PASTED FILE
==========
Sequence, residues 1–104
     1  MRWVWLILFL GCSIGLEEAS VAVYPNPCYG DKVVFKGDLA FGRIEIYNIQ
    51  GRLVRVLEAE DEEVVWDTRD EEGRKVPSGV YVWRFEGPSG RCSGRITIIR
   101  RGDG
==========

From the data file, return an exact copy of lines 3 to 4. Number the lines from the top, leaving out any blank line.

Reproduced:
    51  GRLVRVLEAE DEEVVWDTRD EEGRKVPSGV YVWRFEGPSG RCSGRITIIR
   101  RGDG